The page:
"You Don't Have to Be in
Who's Who to Know What's
What."
The thesis of the work
is that ordinary people
are not so dumb either.
Benjamin Franklin had
the same idea. He said
that there are as many
able people who are not
known as there are who
are known and cele-
brated.

If you decide to get born, a
good place to do it is Kiev. It
was there that Golda Meir
was born. Also Louise
Nevelson.
Louise Nevelson, who
came to America from Kiev,
Russia when she was a
child, is now regarded as
perhaps the leading
sculptress in America. Her
parents settled in Rockport,
Maine and there she spent
her childhood. She wasn't
very much appreciated in
Maine, but now that she is
famous, they are making up
for it. Last month, the city of
Rockport turned out in full
force to honor her with par-
ties and exhibitions of her
work. Who knows, they may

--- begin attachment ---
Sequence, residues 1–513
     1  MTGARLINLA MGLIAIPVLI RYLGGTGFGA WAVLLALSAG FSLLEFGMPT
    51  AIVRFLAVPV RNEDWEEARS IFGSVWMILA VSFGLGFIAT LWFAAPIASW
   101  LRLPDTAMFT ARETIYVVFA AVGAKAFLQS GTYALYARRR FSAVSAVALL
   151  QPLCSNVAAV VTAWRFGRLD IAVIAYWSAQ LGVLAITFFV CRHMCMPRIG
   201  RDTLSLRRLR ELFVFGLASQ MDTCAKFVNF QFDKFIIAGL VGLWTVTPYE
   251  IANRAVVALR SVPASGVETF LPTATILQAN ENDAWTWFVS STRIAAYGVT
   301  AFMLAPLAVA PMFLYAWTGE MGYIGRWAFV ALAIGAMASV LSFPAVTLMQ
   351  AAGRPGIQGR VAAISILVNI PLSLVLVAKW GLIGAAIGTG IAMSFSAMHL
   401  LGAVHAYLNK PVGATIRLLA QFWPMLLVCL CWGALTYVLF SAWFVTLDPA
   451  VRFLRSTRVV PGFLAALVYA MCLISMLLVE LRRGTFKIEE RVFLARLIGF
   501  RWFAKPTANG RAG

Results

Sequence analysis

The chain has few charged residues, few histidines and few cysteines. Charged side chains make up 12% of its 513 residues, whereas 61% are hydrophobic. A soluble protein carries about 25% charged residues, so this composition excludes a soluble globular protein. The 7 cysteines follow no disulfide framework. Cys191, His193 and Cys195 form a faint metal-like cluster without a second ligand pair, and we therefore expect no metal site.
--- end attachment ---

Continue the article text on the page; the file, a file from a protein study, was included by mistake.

even name a street after
her. In New York, it has al-
ready been done: Louise
Nevelson Plaza.

Members of her family
attribute her success to her
indomitable spirit. You
just couldn't keep her
down, they say. She still
works all day, but she be-
lieves in relaxing too. At
night, she likes to go danc-
ing. After all, she is only a
little more than 80 years
old.

* * *

Seymour
Rabbi
Schwartz of Parkchester
in the Bronx, is a man

Adjustment Is the Theme
of Two New Summer Books

Henry Denker's latest
novel, "Horowitz and Mrs.
Washington," (G.P. Put-
nam's Sons) centers, at first,
on two fiercely independent
and uncompromising indi-
viduals, but, in the end,
takes on a meaning much
larger in scope.
Samuel Horowitz is the
fiesty old man living alone
on New York's upper West
Side. He is so hard headed
and stubborn that he puts
up a fight when he is at-
tacked by muggers and suf-
fers a stroke which
paralyzes his entire left
side.
Horowitz's son hires a